PADT is only seeing what it wants to see in order to prove itself correct, but they are not seeing it from the sociological perspective. Malinowski, a sociologist, anthropologist and ethnographer in his work Argonauts of the Western Pacific writes about the practice of Kula ring exchange. By studying his work, Kula ring exchange can be defined as a practice done by tribes of Milne Bay Province of Papua New Guinea, which spans 18 island communities where participants travel hundreds of miles by canoe in order to exchange Kula valuables consisting of red shell-disc necklaces (veigun or soulava) that are traded to the north (circling the ring in clockwise direction), and white shell armbands (mwali) that are traded in the southern direction (circling counter-clockwise). If the opening gift is an armshell, then the closing gift must be a necklace and vice versa.  The exchange of Kula valuables is also accompanied by the trade of other items known as gimwali (barter).  Malisnowski critically argues, “Why would men risk life and limb to travel across huge expanses of dangerous ocean to give away what appear to be worthless trinkets?” His question gives birth to an analysis that the Kula ring seems to be a simple traditional process for the people of the tribes, but in reality, it has a huge social significance—it welds together a considerable number of tribes. It won’t be debatable to say from his work that a traditional function of a tribe is as complex, rational and practical as of modern society practices in order to bind their people into one community. Every society is unique and functions differently to bring people into the common consciousness.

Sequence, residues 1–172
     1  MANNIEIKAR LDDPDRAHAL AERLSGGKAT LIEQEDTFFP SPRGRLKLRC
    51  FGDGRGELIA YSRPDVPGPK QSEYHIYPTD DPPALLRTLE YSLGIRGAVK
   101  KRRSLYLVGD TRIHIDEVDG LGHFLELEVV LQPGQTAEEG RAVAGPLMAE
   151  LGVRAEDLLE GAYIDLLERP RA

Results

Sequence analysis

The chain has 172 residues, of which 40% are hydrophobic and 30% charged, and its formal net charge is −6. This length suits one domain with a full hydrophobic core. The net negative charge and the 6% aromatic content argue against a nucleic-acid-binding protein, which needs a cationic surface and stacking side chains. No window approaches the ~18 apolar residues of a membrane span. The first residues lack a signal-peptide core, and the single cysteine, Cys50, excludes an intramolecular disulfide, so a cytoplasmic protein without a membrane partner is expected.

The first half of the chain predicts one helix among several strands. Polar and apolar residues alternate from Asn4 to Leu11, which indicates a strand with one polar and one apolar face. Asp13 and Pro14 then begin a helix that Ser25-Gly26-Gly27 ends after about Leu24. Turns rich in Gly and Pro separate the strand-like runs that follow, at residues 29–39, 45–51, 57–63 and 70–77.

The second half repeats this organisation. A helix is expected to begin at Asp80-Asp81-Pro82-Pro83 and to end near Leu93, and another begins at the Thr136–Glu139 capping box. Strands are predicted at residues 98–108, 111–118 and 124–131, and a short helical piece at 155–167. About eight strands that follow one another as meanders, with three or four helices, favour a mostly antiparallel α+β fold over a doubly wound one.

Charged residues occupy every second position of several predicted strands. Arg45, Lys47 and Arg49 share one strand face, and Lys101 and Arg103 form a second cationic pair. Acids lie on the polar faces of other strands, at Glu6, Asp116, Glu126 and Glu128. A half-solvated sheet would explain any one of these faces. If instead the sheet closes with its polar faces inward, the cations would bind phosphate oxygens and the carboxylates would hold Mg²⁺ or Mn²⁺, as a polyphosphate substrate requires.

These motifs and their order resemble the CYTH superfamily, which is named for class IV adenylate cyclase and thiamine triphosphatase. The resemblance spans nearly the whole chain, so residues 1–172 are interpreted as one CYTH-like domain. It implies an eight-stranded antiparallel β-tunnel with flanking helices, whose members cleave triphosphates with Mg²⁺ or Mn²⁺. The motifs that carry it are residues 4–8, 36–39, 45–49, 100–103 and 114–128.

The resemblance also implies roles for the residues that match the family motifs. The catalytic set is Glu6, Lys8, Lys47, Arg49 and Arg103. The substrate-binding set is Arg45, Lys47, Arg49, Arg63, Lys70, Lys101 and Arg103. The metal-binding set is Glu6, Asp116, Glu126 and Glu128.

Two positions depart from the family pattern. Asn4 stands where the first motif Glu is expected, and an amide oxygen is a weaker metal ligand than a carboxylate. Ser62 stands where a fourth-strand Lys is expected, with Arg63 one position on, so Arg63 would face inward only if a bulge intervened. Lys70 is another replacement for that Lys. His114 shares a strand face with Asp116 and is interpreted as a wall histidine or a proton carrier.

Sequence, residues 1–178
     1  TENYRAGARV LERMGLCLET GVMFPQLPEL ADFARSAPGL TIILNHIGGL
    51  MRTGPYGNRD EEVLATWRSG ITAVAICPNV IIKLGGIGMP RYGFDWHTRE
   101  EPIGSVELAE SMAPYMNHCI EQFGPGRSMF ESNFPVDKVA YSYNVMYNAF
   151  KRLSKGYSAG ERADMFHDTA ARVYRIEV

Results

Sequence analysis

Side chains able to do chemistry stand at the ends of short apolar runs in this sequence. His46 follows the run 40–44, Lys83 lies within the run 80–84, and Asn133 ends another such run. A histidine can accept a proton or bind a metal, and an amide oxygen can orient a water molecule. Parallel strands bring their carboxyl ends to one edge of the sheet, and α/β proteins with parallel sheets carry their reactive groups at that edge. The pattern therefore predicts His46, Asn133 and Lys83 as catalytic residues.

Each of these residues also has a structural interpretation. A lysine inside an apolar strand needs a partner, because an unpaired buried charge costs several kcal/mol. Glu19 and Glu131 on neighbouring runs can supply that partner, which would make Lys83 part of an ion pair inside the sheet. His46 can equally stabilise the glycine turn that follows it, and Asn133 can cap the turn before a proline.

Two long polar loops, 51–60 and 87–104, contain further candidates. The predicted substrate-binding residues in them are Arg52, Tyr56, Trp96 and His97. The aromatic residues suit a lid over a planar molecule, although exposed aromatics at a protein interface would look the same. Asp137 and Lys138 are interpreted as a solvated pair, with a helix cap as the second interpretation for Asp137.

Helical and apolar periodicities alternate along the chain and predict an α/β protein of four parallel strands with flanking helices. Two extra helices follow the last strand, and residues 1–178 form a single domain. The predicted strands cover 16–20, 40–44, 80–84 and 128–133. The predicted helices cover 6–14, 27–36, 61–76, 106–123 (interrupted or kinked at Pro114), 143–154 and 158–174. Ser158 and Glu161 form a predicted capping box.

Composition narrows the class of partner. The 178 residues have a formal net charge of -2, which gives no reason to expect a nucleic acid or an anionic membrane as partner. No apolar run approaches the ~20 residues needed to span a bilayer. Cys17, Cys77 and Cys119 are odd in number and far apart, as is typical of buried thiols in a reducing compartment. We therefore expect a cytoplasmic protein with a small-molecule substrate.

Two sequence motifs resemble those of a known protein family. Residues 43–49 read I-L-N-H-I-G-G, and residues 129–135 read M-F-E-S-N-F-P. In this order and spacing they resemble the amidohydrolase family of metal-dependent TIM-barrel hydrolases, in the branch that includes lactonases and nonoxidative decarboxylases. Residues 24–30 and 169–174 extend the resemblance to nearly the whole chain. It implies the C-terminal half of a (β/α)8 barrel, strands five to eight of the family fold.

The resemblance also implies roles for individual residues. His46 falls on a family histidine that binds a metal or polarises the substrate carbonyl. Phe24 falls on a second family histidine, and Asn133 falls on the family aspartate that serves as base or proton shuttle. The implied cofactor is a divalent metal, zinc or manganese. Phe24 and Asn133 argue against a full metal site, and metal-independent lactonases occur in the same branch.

By the same token, the tradition of cremation is seen as just burning the dead by PADT like the tribal people of Papua New Guinea with regard to the Kula ring are simply engaging in it as a practice but not as a tool of social unity.

For most people, every practice of ours is barbarian, irrational and has no value. We need to come out of an inferior complex and leave this mentality, or else we will fall for the same trap of individualism. By disregarding our traditions and way of society, we will fall in the trap of the west creating a society of individualism. Let’s stop individualism before every social institution gets fragmented and we create a fragmented society of an individual.

Adhikari is currently a student at Kathmandu School of Law.

Next Story

Fear of Leprosy Resurgence in Nepal

There are only three staff working in the leprosy section and the same team looks after the disability programme, as well, he told the newspaper

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Leprosy, Wikimedia

Health officials in Nepal fear leprosy resurgence in the country with prevalence rate reaching 0.94 per cent in 2018.